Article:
When in early 2012 Pakistan touted a major shift in its Afghan policy, the move was cautiously welcomed given the influence—and spoiling power—Pakistan has displayed in Afghanistan in the past. This paper asks exactly what Pakistan's 'strategic shift' entails, what are the motives behind it, and whether it opens any new opportunities for peace in Afghanistan.
This paper is published under the Wider Central Asia Initiative, a two-year SIPRI project to promote and facilitate dialogue among the main external stakeholders in Afghanistan's future. The initiative is funded by the Swedish Ministry for Foreign Affairs.
2. The 'strategic shift': from what, to where?
3. The logic behind Pakistan's paradoxical behaviour in the endgame
4. Approaching the ISAF withdrawal: what has Pakistan achieved?
5. Conclusions and the way forward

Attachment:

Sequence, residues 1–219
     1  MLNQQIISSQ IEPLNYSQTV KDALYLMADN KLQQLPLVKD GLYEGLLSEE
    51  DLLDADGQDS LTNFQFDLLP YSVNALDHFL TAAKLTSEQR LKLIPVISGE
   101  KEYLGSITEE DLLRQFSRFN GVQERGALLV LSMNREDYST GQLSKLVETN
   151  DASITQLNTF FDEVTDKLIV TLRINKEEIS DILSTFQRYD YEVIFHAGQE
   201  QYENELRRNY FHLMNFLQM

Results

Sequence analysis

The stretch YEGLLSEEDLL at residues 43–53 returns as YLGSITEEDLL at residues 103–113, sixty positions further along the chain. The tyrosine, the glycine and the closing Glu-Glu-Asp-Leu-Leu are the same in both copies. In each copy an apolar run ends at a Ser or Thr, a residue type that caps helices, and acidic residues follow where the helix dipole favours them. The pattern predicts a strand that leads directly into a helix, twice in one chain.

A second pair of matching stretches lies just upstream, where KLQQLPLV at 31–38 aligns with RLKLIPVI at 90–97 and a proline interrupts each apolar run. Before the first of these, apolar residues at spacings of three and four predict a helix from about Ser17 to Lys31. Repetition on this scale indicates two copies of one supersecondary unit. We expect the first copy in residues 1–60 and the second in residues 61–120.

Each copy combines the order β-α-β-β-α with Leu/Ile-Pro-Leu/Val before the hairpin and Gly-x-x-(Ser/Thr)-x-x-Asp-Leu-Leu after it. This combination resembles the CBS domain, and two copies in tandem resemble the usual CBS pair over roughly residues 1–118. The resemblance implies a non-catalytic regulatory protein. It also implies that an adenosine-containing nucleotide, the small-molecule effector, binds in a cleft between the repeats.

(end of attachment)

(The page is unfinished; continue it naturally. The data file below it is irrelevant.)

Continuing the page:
Europe, Afghanistan and the Transatlantic Relationship after 2014, by Erik Brattberg (May 2013)
Iran's Policy on Afghanistan: The Evolution of Strategic Pragmatism, by Bruce Koepke (Sep. 2013)
Relations between Afghanistan and Central Asian states after 2014: Incentives, Constraints and Prospects, by Nargis Kassenova (May 2014)
About the author
Moeed Yusuf (Pakistan) is Senior Pakistan Expert at the United States Institute of Peace and is responsible for managing the Institute's Pakistan programme. His current research focuses on youth and democratic institutions in Pakistan, and policy options to mitigate militancy in the country. He has worked extensively on issues relating to South Asian politics, Pakistan's foreign policy, the Pakistani-US relationship, nuclear deterrence and non-proliferation, and human security and development in South Asia. He is the co-editor of the forthcoming volume South Asia 2060: Envisioning Regional Futures (Anthem Press, 2013). He has also edited a volume on insurgencies and counterinsurgencies in South Asia, scheduled for publication in spring 2014.
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